Many campuses have attempted to address race in the curriculum through diversity courses. Diversity courses address historical and contemporary issues surrounding race, gender, social class, age, culture, disability and sexual orientation in order to encourage political, social and economic tolerance (Chang, 2002; Holland, 2006). The Association of American Colleges and Universities defines a diversity course as relating to stereotypes, the nature of prejudice, and the advantages and challenges of a multicultural society (Humphreys, 2000). More than half of today’s colleges require students to complete a diversity course; however, there is limited information about the impact those courses have on student learning and openness to diverse curriculum and peers (Humphreys, 2000). Therefore, we conducted a study examining how diversity courses impacted students’ openness to diversity. We asked: How does the type of diversity course impact students’ openness to diversity?
This work was part of a larger research project on diversity courses, taking place at Western University (WU), where students are required to take at least one general education (GE) diversity course prior to graduation. “The “Diversity Survey” was developed by the research team in spring 2009 in order to survey students about their experiences in the 126 diversity courses. Survey questions ranged from the extent to which students interacted with peers of similar and different racial/ethnic backgrounds, as well as discussed and thought more critically about diversity issues as a result of taking a required diversity course. The 31-item Diversity Survey was sent out to a sample of 3,000 undergraduate students and 480 students completed the survey.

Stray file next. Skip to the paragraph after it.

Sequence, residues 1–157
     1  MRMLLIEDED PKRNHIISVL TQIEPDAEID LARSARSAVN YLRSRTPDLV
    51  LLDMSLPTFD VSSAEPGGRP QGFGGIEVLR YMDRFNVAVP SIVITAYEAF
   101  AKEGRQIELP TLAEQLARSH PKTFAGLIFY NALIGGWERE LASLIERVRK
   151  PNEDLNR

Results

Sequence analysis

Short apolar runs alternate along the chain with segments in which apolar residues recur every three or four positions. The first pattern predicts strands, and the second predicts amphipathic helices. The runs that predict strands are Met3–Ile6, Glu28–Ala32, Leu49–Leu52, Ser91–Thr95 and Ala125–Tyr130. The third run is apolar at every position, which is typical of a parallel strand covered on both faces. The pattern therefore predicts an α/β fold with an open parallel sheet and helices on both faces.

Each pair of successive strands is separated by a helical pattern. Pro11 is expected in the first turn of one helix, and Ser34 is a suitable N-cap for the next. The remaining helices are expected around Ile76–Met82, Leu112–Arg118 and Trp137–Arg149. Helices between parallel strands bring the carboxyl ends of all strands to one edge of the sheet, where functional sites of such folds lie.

Openness to diversity was defined as an openness to having individual views challenged, and an ability to discuss and negotiate controversial issues. There were five diversity course experiences used in this analysis, which included: how many diversity courses taken, frequency of diverse perspectives considered in classroom discussions, in writing assignments, work with other students on class assignments, and efforts to better understand someone else’s views by imagining how the issue looks from his or her perspective. The Diversity Course Typology is a scale used to assess the rigor and depth of diverse content in the courses.
The findings indicated that Course Typology had a positive effect on students’ openness to being challenged and ability to discuss/ negotiate controversial issues (β = .209, p < .01). In sum, students were more likely to be open to challenge and have the ability to discuss controversial issues when taking more engaging and comprehensive diversity courses, according to the course typology. Thus, the level of diversity course is significant in explaining students’ openness to challenge and ability to discuss controversial issues.